Independent, critical media are essential to an informed and healthy democracy.
Citizens must have ready access to news and information to make responsible informed choices as voters and to carry out their other duties of citizenship.
The United States’ original communications policy was the 1st Amendment. Freedom of the press was guaranteed in the Constitution because an exchange of ideas and an unfettered debate were considered essential components of a democratic society.
Today, however, government policy is designed less to enhance public deliberation than to boost the profitability of media corporations.
Our media laws and rules promote the formation of huge media conglomerates while discouraging competing voices. As a result, the mainstream media is increasingly cozy with the economic and political elites whom they should be investigating. Mergers in the news industry have accelerated, further limiting the spectrum of viewpoints in the mass media.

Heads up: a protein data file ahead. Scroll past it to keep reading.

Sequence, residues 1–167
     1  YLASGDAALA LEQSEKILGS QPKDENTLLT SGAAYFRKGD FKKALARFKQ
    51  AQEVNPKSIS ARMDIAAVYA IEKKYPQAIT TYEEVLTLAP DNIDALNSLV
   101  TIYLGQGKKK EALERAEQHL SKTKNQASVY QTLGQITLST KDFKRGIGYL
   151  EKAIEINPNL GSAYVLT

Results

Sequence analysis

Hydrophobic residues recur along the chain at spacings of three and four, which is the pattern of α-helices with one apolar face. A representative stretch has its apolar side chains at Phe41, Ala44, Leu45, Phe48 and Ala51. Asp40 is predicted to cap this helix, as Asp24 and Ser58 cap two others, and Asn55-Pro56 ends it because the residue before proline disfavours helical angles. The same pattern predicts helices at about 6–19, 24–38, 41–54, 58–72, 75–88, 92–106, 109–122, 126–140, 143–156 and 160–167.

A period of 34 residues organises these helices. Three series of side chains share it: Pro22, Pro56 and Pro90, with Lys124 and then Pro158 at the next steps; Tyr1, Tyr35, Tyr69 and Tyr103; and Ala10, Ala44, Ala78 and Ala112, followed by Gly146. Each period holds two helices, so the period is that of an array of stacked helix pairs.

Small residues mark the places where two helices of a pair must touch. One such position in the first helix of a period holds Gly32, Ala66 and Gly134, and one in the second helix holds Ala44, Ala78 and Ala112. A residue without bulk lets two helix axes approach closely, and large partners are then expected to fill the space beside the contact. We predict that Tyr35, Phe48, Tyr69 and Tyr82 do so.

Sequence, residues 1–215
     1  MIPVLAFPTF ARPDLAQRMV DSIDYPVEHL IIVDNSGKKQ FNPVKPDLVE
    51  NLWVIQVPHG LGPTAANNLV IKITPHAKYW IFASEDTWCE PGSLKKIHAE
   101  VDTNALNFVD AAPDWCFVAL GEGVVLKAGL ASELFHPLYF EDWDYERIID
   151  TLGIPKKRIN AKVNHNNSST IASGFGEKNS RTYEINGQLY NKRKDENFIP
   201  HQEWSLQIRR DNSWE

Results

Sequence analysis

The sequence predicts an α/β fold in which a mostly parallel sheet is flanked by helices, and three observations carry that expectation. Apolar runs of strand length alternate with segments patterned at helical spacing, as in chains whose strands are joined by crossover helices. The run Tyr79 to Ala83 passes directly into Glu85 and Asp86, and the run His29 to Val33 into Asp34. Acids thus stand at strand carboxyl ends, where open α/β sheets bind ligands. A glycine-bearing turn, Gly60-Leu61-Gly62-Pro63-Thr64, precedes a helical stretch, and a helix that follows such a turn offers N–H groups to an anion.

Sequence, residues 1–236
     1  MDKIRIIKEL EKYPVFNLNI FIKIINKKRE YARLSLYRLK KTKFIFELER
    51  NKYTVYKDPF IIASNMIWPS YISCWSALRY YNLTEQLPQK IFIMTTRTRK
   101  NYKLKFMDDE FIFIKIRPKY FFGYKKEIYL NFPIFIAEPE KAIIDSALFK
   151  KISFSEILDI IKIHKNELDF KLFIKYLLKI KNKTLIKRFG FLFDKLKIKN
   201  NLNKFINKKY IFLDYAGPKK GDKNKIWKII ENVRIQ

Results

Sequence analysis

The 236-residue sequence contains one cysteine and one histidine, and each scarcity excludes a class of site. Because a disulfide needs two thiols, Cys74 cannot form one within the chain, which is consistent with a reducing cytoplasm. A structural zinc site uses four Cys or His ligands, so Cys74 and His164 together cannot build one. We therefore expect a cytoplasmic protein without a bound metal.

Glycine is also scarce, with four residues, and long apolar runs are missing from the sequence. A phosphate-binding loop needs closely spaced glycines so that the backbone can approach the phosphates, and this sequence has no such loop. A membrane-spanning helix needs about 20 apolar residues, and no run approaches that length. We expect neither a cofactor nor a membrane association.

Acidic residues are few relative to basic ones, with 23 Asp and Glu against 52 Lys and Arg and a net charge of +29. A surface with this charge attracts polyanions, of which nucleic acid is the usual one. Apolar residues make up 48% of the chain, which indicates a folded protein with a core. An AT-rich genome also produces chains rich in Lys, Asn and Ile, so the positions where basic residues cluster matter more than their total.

With U.S. media overwhelmingly owned by for-profit conglomerates and supported by corporate advertisers, investigative journalism is in an alarming decline.
Since governments too often have an interest in controlling the flow of information, we must constantly guard against official censorship. In our society.
However, large corporations are a far more common source of censorship than governments. Media outlets kill stories because they undermine corporate interests; advertisers use their financial clout to squelch negative reports; powerful businesses employ the threat of expensive lawsuits to discourage legitimate investigations. The most frequent form of censorship is self-censorship: journalists deciding not to pursue certain stories that they know will be unpopular with the advertisers.
In response, to fortify the media’s crucial watchdog function and to help create a more diverse and lively exchange of ideas in America. we need to:
- Strengthen citizens’ influence over the broadcast media.
- Break up the dominant media conglomerates.
- Boost the number of community and non-profit news outlets, all to fortify the media’s crucial watchdog function and to help create a more diverse and lively exchange of ideas in America.
For more details on solutions, please see Media Reform Solutions.
Sources: Green Party